Pop Heroes and Betrayal

Hero worship doesn’t come easy to me.  Even for the celebrities that seem to rule our world now.  If you dig down deep inside the minds of my co-bloggers here, and keep digging, past the hip buzzwords and pseudo-intellectual pedantry, you’ll eventually hit the center of what they truly value, which is made up of a bedrock core of crusty old US Weekly’s and STAR Magazines.  But the Brads and the Paulas of the world just don’t speak to me like they do to my brothers.  I’m just different that way.  Different and better.


Alright, maybe just a little bit.

No, I’m looking for a different kind of hero to worship.  I can’t exactly explain it, (although it is summed up pretty well here), but the hero I’m drawn to is the guy that establishes a superhuman record of pop excellence over a consistent span of time.  If you could construct the team of pop heroes in your mind that come as close as possible to perfection in their chosen fields, with a minimum of embarrassing mis-steps, who would be in your pantheon?  I don’t share my list often, because people usually laugh in my face when I tell them, but I’ll defend it to the death.  By the same token, just as I am extremely selective with the heroes that make it into my pantheon, there is a very select loathing reserved for those who have entered there only to prove that they were not worthy.  I’m not going to expend a lot of hatred on a Michael Bay or a Miley Cyrus, because no one ever expected anything particularly excellent out of them anyway.  But when someone comes along and fools me into thinking they are worth real devotion and then turns out to be just like everyone else- well, it’s the lowest circle of hell for them.

There are two people, my own Brutus and Judas, in the lowest circle of pop hero hell for me:  Paul McCartney and M. Night Shyamalan.  Paul- the best Beatle, the good one, the sensitive one, the peacemaker, the guy who wrote all the best songs for the best band of all time, and the guy that worked hardest to keep them all together.  Fast forward a few years, and suddenly he’s the guy writing “Silly Love Songs” and “Simply Having a Wonderful Christmas Time” and featuring his stupid wife prominently in all his concerts playing a percussion instrument that any three year old could play, and recording stuff like this.  Probably the most amazing fall from grace of all time.  What later-life career could possibly wipe out the unfathomable perfection of those few years from Please Please Me to Let it Be?  Amazingly, Paul McCartney has achieved the impossible.  May he rot.  M. Night is admittedly a lesser fraud, but still a charlatan of the highest order.  The Sixth Sense was as strong a thriller as you can find in the last twenty years, and then Unbreakable, one of the best superhero movies of all time.  I saw that movie and carved the guy on my Mount Rushmore, sure of his promise.  Then a few cracks began to show in Signs, and the Village signaled a serious decline.  Then, as if Whitman had  devoted his career exclusively to bawdy limericks, Shyamalan issued the Lady in the Water.  Has anyone ever gone from really really good to consistently, despicably, laughably awful so fast?  Shyamalan’s latest, out last week, scored a mind-bending 8% on the Tomato-Meter.  I can hardly believe that I used to worship this guy.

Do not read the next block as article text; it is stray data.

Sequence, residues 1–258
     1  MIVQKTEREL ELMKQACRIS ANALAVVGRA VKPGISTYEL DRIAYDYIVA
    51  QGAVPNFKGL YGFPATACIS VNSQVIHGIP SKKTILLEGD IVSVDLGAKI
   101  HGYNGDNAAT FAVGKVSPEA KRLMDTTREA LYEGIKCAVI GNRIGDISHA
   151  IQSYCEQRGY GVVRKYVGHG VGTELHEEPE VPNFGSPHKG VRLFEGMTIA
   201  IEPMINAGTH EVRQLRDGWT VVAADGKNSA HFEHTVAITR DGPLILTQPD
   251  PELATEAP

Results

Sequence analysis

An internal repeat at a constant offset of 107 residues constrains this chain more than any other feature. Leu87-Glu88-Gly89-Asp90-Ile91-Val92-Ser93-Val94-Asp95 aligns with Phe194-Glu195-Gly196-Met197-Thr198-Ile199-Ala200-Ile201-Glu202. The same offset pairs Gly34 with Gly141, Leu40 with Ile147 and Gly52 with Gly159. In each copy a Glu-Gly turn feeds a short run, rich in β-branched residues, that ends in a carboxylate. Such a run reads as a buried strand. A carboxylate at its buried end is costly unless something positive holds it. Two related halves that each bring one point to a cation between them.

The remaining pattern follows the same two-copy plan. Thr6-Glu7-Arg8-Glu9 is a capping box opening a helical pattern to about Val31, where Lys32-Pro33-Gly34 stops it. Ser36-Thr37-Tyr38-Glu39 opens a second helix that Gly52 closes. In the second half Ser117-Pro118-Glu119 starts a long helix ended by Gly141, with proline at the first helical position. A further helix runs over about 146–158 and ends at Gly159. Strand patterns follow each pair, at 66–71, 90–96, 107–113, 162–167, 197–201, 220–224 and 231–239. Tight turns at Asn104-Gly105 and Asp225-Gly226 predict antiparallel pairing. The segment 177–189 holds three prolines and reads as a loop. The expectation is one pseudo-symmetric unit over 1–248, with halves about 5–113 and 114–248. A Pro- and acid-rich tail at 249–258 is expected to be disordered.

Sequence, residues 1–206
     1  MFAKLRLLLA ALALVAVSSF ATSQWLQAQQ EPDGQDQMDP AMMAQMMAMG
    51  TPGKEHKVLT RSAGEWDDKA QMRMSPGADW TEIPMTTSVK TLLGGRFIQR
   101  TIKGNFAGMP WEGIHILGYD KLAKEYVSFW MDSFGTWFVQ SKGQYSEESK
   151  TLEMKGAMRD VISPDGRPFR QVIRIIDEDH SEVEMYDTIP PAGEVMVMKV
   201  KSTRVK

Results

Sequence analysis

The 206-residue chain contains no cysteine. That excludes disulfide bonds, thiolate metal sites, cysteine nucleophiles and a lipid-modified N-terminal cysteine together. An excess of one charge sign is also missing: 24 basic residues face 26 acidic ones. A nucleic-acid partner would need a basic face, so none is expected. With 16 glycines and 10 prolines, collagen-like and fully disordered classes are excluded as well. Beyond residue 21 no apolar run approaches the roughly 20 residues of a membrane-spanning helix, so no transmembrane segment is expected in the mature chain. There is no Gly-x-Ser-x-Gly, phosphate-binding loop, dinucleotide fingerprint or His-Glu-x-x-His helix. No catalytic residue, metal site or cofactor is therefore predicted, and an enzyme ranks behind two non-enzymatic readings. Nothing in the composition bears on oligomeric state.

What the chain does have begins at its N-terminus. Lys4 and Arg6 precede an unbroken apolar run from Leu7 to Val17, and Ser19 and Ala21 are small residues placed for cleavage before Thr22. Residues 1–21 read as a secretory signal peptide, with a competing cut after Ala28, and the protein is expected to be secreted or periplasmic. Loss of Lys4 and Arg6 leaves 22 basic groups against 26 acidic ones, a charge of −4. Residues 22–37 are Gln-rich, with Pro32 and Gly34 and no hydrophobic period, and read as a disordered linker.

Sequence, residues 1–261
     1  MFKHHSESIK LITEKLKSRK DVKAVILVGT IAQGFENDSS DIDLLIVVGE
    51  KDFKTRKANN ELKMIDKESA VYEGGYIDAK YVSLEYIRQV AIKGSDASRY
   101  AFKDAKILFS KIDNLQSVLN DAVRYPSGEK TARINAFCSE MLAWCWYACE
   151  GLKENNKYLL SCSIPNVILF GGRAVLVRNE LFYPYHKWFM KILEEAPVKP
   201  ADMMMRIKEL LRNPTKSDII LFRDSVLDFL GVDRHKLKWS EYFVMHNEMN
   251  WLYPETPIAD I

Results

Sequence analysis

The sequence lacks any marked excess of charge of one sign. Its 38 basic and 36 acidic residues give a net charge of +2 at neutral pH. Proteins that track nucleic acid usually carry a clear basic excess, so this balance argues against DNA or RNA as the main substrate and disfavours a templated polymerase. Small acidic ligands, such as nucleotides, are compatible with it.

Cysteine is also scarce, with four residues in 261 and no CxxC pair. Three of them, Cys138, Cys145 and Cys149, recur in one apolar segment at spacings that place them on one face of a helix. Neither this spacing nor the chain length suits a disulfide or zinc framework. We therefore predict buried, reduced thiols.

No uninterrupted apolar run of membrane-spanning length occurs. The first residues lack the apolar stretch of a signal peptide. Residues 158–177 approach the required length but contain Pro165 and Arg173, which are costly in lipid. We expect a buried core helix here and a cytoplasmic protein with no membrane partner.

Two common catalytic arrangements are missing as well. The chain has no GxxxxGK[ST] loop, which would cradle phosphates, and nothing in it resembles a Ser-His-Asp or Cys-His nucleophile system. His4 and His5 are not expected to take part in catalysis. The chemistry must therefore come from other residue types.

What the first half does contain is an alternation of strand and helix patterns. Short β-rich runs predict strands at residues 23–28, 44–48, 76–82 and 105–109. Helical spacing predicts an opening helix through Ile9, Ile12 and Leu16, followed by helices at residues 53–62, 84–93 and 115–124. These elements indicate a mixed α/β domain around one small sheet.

Torture would be too good

Mount Rushmore is still well-anchored by its current tenants, though.  For me, it’s not only about excellent output, but also a stability in the temperament that just tells me I can always trust them to turn out great stuff.  Two of my picks will need to be replaced soon, as they’re basically retired.  So long Paul Simon and John Stockton, the greatest songwriter and greatest point guard (and so much more) ever.  It’s not just how good they were, but how bad they never were, and how much they both just “got it.”  There were better songs written by others, and better individual games or seasons, but no one just understood the right way to do it in music more than Paul Simon, nor the right way to play the game better than John Stockton.  The other two picks are still in their primes, and I defy you to find anybody that gets closer to pop perfection than Christopher Nolan and Pixar.  I told everyone I know months ago that my two favorite movies of the year are Toy Story 3 and Inception, and I’m one for two so far.  In fact, it turns out that Toy Story 3 may be the best kids’ move ever made (seriously, see it).  I’ll eat this post if Inception is anything less than fantastic, by the way.


Seriously– great kids’ movie, or GREATEST KIDS’ MOVIE EVER?

So there they are- my pantheon of pop heroes, and the two infidel betrayers.  I’m currently taking applications for a few more real pop heroes, but I’m not sure I see anything on the scene.  Who else deserves it?  Who are your pop heroes, and who betrayed you?  Maybe we call a fatwa once we have an authoritative list.  Just for fun.

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23 Responses to Pop Heroes and Betrayal

  1. Macy Bell says: